Johnson & Johnson (JNJ) posted stronger-than-expected fourth quarter earnings Tuesday and forecast a modestly increase in full year sales for 2019 as the consumer healthcare group looks to rebound from last month's steep share price declines triggered by a report that alleged it knew for decades that its iconic baby powder sometimes contained asbestos and failed to alert authorities.
Johnson & Johnson said earnings for the three months ending in December came in at $1.97 per share, topping the Street consensus of $1.95 and rising 13.2% from the same period last year. Group sales, Johnson & Johnson said, were pegged at $20.4 billion, again beating the consensus forecast. The group sees full year sales of as much as $81.4 billion, with adjusted earnings in the range of $8.50 to $8.65 per share.
"Looking ahead, the strength of our broad-based business and disciplined approach to portfolio management positions us to continue to fuel investments in innovation that enable us to capitalize on strategic opportunities and deliver strong performance over the long-term," said CEO Alex Gorsky.
Johnson & Johnson shares closed down 1.45% to $128.80.
"I think Johnson and Johnson is a buy off today's pullback despite the tepid sales outlook," said Jeff Marks, senior portfolio analyst for Jim Cramer's Action Alerts Plus portfolio, which owns Johnson and Johnson. "Two divisions (Consumer and Pharmaceutical) are still expected to grow at above market rates, while management has stayed true to its word about Devices improvements. Meanwhile, the balance sheet is pristine, the cash flow is robust and a nice-sized buyback is in place."
Johnson & Johnson (JNJ) shares plunged the most in more than 15 years in mid-December after it was reported that the company knew both its raw talc and finished powder tested positive for traces of asbestos, a carcinogen, citing documents linked to a court case that saw a jury in Missouri award $4.7 billion to 22 women who said that the products contained asbestos and caused them to develop ovarian cancer.
Reuters also said the company tried, unsuccessfully, to influence plans by U.S. regulators to reduce the amount of asbestos that could legally remain in some cosmetic talc products.
"The Reuters article is one-sided, false and inflammatory," Johnson & Johnson said in an emailed statement to TheStreet. "Simply put, the Reuters story is an absurd conspiracy theory, in that it apparently has spanned over 40 years, orchestrated among generations of global regulators, the world's foremost scientists and universities, leading independent labs, and J&J employees themselves."
"Johnson & Johnson's baby powder is safe and asbestos-free. Studies of more than 100,000 men and women show that talc does not cause cancer or asbestos-related disease," the statement added. "Thousands of independent tests by regulators and the world's leading labs prove our baby powder has never contained asbestos."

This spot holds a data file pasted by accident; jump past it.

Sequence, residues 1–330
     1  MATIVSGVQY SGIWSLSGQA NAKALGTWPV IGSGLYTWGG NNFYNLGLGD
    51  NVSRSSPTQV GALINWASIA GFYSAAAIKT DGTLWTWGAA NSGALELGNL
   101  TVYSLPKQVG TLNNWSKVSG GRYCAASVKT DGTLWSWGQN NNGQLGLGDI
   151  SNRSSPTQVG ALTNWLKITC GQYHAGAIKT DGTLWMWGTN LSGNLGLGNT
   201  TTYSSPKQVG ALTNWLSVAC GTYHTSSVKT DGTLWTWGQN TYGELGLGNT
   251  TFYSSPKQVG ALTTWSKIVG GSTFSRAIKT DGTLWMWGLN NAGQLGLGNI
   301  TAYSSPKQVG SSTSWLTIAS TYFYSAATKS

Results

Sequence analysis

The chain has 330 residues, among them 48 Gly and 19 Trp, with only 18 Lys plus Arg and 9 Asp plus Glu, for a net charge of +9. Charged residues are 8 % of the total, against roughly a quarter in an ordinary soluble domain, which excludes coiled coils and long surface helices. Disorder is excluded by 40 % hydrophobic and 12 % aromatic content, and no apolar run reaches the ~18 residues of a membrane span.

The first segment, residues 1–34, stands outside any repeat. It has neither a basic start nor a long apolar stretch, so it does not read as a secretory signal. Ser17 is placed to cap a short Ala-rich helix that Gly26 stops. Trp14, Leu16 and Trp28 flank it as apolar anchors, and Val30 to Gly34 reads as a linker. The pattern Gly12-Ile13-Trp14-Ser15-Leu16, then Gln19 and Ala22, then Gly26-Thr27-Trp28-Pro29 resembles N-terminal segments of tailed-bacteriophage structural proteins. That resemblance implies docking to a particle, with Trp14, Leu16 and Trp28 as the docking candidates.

Analysts at JPMorgan, however, said it was "highly unlikely the company's exposure to this talc issue will even come close to the ~$40 billion in lost market cap today", noting that the $21 billion set aside by Pfizer Inc. (PFE) to compensate for damages from its fen-phen diet drug.
"We note that all issues reported were previously disclosed as part of talc litigation discovery. As we think about the risk to JNJ here, we see today's move as an over-reaction, especially from a longer-term perspective," said JPMorgan analyst Chris Schott. "At the same time, talc does not seem to be an issue that is going to resolve quickly for JNJ and we would expect shares to trade at a lower multiple pending further clarity on the company's exposure to this issue (which could be an extended period of time)."
The Missouri jury award in the case, which was granted in July, included $550 million in compensatory damages and $4.14 billion in punitive damages, according to a statement from the attorneys representing the plaintiffs. The company faces more than 9,000 cases over body powders containing talc, according to its latest quarterly filing with the Securities and Exchange Commission, and has consistently denied that its products are dangerous or contain asbestos.
Johnson & Johnson is in the midst of five appeals to similar verdicts linked to its products, even after the U.S. Food & Drug Administration said a study found "no asbestos fibers or structures in any of the samples of cosmetic-grade raw material talc or cosmetic products containing talc."